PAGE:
Monday, July 4, 2011

A Review of Woody Allen's Midnight in Paris

Credit: Yahoo! Movies

Woody Allen's been criticized throughout the last decade in a way he's never been criticized before (I refer only to criticism of his movies, not his personal life). Critics feel Allen's movies haven't been good since the 1980s or early 90s--they argue his movies are essentially "rinse-recycle-repeat." When the new millennium arrived, Woody Allen didn't follow the rest of America into the 21st century. 

The most common criticism of his last eight or nine movies (with Match Point the exception and, possibly Vicky Cristina Barcelona) has been the characters. Specifically, the main character draws criticism because Woody Allen continues to write the "Woody Allen" character even though that character enjoys the music of Cole Porter; the books of Tolstoy, Joyce, Hemingway; the paintings of Picasso and Monet. Woody Allen's interests are perceived as fossils--critics argue that no male or female in their mid-to-late 30s or early 40s have interest in attending operas, discussing art or listening to the compositions of Gershwin or Porter.

However, young individuals exist who appreciate the music of Gershwin and Porter, the works of Joyce and Hemingway, and the paintings from Monet and Picasso. One associates such young people with the words 'pretentious' or 'blow hard' but I'm neither pretentious nor a blow hard (well maybe a blow hard if my verbose TV reviews are evidence). Someone like Midnight in Paris' Gil Pander is a character I relate to (except for his reluctance to take on any type of Hollywood writing jobs). Gil's a man who admires the writers from another generation. He idolizes the American authors who were part of the Lost Generation--Hemingway, Eliot, Fitzgerald, Faulkner and Stein. Gil considers literature the zenith of artistic expression--screenplays are easy, he tells his wife, but literature commands a different kind of concentration and skill.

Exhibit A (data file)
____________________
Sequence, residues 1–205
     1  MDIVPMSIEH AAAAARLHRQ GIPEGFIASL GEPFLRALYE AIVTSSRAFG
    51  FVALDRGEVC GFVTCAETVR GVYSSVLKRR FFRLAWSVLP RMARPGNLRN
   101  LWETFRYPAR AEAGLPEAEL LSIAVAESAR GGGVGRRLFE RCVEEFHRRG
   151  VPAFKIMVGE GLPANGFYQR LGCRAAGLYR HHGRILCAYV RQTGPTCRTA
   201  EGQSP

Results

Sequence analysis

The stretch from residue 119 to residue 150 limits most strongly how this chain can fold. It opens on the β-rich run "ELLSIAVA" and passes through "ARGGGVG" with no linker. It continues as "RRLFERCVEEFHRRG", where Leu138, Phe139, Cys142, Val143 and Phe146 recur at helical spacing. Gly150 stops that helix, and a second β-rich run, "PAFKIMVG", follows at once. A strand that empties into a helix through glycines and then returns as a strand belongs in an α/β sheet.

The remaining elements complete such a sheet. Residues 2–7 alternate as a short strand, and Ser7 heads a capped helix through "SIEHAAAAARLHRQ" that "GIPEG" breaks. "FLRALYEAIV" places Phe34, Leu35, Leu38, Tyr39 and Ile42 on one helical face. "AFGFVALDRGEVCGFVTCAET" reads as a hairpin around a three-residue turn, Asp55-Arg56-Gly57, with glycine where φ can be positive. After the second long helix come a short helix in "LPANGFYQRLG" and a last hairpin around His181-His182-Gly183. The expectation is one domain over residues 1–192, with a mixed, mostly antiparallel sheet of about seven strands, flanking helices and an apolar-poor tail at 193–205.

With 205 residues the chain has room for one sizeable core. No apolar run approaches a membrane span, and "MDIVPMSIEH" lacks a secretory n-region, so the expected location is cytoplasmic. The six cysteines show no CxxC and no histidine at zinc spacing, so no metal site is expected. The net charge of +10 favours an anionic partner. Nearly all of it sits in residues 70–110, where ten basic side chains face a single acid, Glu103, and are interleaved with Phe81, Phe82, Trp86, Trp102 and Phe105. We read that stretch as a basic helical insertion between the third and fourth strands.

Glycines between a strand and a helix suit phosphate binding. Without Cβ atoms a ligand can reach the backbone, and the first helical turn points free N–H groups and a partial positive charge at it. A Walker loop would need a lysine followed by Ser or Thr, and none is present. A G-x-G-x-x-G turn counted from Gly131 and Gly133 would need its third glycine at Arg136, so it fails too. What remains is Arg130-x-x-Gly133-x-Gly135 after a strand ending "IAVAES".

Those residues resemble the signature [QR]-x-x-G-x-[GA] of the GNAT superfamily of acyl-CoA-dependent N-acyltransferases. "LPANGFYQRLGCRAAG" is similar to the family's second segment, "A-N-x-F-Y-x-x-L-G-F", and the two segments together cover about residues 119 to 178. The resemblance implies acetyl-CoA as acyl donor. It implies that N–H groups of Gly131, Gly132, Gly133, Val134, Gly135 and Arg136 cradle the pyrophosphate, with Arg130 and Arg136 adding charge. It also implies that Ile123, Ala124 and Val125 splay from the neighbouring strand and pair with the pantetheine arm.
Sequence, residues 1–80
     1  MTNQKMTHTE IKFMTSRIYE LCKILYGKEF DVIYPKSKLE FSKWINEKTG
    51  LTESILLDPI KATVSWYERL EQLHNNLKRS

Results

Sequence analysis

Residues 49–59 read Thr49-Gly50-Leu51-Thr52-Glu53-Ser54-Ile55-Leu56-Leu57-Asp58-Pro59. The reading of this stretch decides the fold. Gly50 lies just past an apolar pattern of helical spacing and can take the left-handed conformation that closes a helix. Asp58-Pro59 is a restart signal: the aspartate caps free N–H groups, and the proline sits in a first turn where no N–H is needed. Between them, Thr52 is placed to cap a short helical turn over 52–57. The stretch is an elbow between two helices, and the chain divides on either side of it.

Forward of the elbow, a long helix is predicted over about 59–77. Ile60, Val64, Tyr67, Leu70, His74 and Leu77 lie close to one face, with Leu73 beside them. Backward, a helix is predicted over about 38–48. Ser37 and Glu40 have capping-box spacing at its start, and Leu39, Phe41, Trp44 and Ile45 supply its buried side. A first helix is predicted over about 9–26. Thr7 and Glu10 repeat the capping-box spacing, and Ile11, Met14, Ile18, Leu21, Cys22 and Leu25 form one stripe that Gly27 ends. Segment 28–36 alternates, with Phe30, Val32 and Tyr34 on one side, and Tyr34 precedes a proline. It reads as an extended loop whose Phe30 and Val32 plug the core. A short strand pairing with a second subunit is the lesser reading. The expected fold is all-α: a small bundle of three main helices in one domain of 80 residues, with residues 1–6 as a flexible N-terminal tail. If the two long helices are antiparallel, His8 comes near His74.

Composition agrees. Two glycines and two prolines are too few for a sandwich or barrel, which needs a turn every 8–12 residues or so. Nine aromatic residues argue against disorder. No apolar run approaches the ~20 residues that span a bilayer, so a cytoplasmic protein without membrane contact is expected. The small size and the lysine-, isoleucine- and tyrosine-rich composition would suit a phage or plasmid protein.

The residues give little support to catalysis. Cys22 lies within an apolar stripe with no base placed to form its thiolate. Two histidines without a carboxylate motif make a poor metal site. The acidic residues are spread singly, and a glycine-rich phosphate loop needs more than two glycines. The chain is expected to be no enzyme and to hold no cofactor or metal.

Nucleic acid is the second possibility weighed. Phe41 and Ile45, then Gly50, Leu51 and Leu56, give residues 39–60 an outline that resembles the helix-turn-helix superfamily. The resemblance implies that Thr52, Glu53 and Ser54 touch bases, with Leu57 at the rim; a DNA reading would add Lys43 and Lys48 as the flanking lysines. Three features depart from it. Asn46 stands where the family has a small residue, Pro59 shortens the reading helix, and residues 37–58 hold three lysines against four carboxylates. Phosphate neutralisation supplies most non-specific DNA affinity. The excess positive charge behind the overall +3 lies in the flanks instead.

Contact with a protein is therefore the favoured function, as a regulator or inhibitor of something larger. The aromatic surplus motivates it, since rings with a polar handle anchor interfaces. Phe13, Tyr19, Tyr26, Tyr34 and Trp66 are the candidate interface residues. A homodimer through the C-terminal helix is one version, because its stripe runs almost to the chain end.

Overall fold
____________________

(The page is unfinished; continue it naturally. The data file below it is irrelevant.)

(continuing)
I, like Gil, admire and read the classic authors. Leo Tolstoy's War and Peace is the greatest novel ever written. Fyodor Dostoevsky wrote prose that continues to blow the mind, prose that resonates, prose that is utterly timeless. James Joyce is the greatest western writer in history. If given the chance, I'd travel back in time to converse with the my favorite authors, which is what Gil's given the chance to do in the Woody Allen's latest film.

Gil aspires to be something more than a Hollywood screenwriter who makes good money writing forgettable films with disposable characters and simplistic plots. He wrote a manuscript in hopes he can become a great author and leave his Hollywood life behind him. The book concerns the owner of a nostalgia shop but the audience never learns anything else. Gil's surrounded by cynical people including his fiancé, his future in-laws and his pedantic acquaintance. He escapes the negative atmosphere by walking the streets of Paris at night. At midnight, a car takes him back into time where he converses with Fitzgerald, Hemingway, Stein and other iconic artists.